Wednesday, April 25, 2007


This is probably a stupid question but it is one that I am about to pull my hair out with. I am into the digital scrapbooking and am trying to download and install fonts that are stored in “zip” files. My question is this: What are Winzip files and how do I use them? - Joann B Muscle Shoals

There is no such thing as a stupid question. Actually, that’s not true. People ask me stupid questions all the time. Why, someone once asked me if I could translate a computer’s processor speed from megahertz to miles per hour. But this particular question isn’t stupid at all. So, please stop abusing your hair for a moment and read on.

WinZip is a computer program that can group and compress files so that they take, on average, 50% to 70% less space and, therefore, take 50% to 70% less time to download from the Internet. When you download and “unzip” this document, the same algorithm reverses the process and restores the document to its original form.

The story behind the creator of zip compression is morbidly interesting. The original technology was developed (or stolen from others depending on who you believe) by a fellow named Phil Katz back in 1986. Mr. Katz called this technology “Phil Katz Zip Program” or PKZip. The product’s popularity exploded among users of Electronic Bulletin Board Systems – one of the precursors of the World Wide Web. Money started pouring in to Katz and, almost overnight, the former loner and computer hobbyist found himself rich, famous and mildly disturbed.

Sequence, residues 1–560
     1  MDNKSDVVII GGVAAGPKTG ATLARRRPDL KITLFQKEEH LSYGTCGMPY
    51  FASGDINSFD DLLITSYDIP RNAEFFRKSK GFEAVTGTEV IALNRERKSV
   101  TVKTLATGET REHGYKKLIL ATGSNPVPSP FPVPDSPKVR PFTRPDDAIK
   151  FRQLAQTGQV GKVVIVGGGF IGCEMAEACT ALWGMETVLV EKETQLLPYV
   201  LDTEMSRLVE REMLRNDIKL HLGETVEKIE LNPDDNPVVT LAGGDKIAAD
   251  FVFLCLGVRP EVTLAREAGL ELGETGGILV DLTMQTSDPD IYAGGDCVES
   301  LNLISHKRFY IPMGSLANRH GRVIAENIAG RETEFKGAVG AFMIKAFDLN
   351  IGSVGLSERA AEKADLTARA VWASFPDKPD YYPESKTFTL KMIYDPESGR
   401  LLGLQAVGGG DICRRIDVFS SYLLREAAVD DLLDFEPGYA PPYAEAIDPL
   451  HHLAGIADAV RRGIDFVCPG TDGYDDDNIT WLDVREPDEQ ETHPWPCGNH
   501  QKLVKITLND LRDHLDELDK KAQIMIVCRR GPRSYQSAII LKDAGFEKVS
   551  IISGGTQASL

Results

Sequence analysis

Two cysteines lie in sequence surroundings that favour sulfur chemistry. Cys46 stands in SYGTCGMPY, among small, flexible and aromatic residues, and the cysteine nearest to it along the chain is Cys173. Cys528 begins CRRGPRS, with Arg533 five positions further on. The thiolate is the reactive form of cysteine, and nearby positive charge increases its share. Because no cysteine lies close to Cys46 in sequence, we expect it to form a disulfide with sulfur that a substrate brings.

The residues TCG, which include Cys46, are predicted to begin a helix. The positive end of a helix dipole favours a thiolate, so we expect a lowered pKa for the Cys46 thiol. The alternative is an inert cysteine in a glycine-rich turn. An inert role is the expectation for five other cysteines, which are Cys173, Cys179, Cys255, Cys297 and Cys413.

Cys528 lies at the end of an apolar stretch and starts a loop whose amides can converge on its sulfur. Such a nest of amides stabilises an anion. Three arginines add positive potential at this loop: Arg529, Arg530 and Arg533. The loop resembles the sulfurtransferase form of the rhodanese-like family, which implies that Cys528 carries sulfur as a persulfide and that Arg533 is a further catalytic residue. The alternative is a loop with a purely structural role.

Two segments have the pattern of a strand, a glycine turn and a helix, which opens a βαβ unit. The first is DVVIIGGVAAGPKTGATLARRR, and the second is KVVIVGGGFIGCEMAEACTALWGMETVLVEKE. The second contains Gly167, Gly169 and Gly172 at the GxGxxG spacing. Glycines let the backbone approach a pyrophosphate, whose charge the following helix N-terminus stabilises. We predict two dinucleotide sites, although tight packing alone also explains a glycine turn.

Most of us would handle sudden wealth and fame pretty well but personal struggles and alcoholism quickly took their toll on Mr. Katz. His dead body was found in his luxury condo surrounded by bottles of liquor amongst knee deep garbage at the ripe old age of 37.

I’m sure that is way more than you ever wanted to know about zip files but the truth is, I needed some interesting fluff to fill this column because zipped files are actually quite simple to deal with (thanks to Bernie Delinski for teaching me this “fluffing” trick, by the way). Windows XP has built-in support for "zipped" files. To uncompress a zipped file, you simply double-click on the file and it will open a folder containing the contents of the unzipped file. From there, you can click on an icon to install software or, in your case, copy the new fonts to your fonts folder.

If you're using Windows 98, Me, NT or 2000 then you'll need to install software to open Zip files. The most popular choice for this is a program called Winzip. You can download a free evaluation version from There are plenty of free Zip programs available from one of my favorite places to get free computer stuff:

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